United States v. Sanya, No. 13-4937 (4th Cir. 2014)Annotate this Case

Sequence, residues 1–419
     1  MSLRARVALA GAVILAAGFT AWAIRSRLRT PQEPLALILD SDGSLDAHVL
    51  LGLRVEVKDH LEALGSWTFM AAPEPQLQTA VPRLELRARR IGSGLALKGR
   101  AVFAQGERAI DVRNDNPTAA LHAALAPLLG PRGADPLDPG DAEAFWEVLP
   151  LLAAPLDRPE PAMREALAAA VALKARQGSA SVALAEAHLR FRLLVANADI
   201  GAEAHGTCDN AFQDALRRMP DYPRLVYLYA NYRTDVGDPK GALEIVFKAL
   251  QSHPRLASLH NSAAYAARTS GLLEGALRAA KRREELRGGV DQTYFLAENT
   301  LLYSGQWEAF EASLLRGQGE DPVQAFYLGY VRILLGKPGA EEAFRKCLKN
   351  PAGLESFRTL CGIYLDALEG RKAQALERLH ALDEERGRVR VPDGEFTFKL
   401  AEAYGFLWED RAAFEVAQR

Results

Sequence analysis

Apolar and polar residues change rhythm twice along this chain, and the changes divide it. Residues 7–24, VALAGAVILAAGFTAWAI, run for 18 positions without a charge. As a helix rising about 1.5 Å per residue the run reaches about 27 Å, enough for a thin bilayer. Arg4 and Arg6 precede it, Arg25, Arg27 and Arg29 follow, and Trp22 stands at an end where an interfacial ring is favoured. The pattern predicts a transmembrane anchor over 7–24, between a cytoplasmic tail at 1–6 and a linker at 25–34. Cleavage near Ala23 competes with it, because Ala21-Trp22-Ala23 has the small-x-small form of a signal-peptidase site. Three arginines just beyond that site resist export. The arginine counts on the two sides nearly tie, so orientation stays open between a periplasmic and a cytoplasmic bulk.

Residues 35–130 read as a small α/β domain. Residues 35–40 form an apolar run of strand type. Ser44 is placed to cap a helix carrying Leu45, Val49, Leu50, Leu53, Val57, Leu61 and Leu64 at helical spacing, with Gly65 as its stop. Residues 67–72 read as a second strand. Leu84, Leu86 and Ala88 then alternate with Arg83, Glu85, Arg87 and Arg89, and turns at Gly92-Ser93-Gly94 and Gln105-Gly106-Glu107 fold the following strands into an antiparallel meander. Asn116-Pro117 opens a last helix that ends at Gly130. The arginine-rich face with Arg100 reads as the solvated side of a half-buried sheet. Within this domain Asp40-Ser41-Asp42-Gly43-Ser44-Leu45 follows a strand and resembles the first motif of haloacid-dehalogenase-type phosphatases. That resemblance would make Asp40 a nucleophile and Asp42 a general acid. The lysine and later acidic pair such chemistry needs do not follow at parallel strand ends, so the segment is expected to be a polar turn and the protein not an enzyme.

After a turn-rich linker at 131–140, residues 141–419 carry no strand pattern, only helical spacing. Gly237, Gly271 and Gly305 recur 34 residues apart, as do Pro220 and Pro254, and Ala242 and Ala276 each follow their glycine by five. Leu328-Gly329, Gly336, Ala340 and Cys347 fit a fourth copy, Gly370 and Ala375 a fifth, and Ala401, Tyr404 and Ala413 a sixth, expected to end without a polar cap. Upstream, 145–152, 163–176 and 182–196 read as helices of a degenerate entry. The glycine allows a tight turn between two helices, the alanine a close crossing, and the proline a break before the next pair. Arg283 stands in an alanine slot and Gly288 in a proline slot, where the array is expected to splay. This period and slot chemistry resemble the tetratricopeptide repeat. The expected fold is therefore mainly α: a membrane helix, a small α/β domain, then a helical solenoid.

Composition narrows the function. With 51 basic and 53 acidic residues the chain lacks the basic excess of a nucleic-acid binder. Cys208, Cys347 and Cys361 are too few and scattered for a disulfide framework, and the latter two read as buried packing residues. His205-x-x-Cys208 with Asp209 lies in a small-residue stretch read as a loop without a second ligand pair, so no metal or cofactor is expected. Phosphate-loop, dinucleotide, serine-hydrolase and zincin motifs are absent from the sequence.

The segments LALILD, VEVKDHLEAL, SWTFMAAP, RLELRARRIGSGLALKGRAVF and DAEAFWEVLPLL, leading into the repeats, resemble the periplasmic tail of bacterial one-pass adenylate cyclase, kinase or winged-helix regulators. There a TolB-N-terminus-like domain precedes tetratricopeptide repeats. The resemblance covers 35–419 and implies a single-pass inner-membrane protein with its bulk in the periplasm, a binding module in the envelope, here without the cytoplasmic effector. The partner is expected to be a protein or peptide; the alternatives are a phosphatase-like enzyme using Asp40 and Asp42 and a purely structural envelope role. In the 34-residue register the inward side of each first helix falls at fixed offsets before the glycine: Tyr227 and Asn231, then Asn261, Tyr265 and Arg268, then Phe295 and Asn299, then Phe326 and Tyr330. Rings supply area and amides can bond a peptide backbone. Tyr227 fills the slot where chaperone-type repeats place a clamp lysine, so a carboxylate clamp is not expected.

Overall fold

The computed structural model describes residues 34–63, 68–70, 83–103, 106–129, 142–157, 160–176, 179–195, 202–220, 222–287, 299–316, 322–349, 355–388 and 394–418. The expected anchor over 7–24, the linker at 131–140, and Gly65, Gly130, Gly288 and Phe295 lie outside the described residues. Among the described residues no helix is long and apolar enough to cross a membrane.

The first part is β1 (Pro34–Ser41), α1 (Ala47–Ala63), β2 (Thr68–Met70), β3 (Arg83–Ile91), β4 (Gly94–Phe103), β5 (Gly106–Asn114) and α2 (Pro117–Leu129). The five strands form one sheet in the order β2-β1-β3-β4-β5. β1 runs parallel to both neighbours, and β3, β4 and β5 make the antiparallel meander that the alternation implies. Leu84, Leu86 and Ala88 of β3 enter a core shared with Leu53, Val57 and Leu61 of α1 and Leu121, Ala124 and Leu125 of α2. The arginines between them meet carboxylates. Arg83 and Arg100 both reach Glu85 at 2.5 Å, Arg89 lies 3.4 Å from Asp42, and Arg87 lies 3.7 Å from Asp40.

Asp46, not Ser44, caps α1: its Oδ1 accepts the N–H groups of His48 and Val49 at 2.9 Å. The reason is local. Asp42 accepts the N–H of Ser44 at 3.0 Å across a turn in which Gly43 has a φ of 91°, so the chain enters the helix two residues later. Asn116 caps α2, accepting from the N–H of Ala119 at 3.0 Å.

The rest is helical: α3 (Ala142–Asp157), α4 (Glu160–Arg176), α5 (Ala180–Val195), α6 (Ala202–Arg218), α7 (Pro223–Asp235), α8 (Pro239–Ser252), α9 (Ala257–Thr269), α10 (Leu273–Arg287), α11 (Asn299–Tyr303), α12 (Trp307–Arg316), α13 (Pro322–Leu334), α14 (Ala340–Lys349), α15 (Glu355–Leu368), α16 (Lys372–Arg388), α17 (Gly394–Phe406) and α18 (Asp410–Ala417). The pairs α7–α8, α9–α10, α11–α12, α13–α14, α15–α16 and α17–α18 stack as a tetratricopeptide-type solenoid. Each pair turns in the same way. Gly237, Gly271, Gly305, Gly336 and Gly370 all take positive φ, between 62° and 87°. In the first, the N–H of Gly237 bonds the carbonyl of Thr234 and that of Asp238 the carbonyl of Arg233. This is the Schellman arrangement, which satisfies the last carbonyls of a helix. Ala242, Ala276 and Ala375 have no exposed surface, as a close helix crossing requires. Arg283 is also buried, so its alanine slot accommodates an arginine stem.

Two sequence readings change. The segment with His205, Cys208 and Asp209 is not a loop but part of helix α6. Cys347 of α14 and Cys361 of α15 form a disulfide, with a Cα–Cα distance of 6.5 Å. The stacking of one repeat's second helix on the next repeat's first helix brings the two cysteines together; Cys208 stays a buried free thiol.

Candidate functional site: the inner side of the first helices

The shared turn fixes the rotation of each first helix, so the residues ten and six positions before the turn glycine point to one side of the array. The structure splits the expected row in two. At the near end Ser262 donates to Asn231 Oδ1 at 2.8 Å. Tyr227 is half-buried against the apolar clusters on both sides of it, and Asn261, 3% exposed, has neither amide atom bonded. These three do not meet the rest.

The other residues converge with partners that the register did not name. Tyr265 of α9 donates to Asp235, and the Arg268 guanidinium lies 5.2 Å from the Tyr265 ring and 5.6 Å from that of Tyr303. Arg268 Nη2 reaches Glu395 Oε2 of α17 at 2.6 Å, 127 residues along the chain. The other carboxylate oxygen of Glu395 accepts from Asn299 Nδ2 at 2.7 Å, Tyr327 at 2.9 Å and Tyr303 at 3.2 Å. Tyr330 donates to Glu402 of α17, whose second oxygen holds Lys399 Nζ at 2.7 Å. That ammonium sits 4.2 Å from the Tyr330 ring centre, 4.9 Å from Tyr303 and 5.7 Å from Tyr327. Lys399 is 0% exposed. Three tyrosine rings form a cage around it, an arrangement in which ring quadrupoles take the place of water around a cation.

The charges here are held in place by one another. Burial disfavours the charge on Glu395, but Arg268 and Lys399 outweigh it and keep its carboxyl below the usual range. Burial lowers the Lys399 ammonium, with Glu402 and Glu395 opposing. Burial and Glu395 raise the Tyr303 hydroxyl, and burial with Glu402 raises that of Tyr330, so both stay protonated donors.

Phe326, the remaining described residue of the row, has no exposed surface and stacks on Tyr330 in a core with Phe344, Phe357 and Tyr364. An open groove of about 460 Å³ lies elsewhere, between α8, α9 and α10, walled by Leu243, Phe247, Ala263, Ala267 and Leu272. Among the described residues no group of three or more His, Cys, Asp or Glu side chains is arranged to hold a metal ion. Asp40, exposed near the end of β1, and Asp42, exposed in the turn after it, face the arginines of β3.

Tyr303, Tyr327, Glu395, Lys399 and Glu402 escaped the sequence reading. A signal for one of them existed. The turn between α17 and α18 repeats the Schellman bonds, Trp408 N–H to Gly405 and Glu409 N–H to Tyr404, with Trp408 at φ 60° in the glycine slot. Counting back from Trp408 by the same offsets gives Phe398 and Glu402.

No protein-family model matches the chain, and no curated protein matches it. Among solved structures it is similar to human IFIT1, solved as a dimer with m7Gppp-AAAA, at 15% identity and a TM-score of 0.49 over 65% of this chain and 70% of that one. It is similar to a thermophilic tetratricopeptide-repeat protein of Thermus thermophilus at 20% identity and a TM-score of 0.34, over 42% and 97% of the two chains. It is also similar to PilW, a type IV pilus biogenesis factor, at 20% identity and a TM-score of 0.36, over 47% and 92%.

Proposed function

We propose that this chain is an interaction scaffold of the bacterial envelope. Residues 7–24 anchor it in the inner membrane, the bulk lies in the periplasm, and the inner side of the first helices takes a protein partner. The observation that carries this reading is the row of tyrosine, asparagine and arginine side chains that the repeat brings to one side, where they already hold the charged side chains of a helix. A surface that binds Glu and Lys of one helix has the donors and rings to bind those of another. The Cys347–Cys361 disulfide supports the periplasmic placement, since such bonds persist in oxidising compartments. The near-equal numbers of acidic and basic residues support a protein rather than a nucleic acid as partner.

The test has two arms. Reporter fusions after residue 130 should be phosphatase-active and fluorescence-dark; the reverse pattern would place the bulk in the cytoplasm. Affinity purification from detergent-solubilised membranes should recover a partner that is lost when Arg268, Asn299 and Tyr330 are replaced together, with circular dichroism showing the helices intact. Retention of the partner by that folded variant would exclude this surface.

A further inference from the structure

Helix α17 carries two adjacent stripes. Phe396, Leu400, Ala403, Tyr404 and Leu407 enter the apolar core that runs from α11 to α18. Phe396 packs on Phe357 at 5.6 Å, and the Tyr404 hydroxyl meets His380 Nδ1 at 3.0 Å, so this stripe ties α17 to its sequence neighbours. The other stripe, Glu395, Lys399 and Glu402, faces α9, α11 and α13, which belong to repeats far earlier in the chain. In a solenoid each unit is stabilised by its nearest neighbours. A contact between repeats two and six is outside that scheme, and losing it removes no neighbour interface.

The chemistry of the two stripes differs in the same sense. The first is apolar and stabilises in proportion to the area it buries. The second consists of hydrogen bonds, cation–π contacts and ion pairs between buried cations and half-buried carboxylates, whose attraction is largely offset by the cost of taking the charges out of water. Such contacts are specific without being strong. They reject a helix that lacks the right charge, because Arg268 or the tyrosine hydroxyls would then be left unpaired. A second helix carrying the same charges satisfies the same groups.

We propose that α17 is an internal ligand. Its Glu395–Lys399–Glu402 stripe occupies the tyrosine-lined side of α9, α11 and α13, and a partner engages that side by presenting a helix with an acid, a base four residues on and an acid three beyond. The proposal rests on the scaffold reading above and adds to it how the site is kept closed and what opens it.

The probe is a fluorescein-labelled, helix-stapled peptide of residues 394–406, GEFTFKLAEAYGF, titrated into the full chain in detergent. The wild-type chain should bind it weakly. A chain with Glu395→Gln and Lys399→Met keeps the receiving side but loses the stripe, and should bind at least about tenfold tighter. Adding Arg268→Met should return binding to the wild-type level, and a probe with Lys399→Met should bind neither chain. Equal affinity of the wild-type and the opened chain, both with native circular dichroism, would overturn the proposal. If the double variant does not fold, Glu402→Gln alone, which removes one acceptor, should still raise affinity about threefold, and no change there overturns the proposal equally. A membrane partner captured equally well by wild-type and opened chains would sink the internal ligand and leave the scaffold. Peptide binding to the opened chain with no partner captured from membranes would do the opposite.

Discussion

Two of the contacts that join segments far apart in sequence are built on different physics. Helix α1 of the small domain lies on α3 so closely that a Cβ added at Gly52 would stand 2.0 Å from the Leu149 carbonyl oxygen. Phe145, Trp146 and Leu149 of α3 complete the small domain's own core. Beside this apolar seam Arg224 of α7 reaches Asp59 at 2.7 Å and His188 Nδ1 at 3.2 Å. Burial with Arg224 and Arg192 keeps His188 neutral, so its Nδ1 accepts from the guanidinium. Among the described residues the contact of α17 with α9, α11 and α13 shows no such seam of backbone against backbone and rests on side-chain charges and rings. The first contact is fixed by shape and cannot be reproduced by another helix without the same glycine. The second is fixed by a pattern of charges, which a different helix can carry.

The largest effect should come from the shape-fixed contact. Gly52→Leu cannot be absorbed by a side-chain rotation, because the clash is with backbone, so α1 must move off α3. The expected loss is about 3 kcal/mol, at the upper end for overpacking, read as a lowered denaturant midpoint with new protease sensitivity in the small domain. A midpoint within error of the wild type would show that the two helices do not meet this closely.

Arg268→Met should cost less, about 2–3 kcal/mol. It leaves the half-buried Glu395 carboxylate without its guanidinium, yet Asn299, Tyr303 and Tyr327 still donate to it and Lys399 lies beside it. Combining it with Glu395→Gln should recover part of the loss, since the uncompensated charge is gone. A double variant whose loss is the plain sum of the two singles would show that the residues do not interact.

Sanya recruited restaurant employees to steal customers’ credit card information, using a device that he provided. With the stolen information, Sanya made counterfeit credit cards, which co-conspirators used to purchase gift cards that were used to buy consumer goods. Co-conspirators returned the goods for cash. In 2012, Sanya pleaded guilty to conspiracy to commit access-device fraud, was released pending sentencing, and resumed his fraud scheme. He was charged with state crimes, then transferred to federal custody; state charges were dismissed. In 2013, Sanya was indicted for access-device fraud and aggravated identity theft. Sanya’s sentencing for the 2012 plea was postponed, but the parties failed to reach agreement. The district judge expressed his strong preference that Sanya enter a plea to the second set of charges and agree to have all charges consolidated for sentencing. Days later, Sanya pleaded guilty. The charges were consolidated and the same district judge sentenced Sanya to a total of 212 months’ imprisonment. Sanya argued that the district court improperly participated in plea discussions, rendering his second plea invalid. The Fourth Circuit vacated and remanded for assignment to a different judge.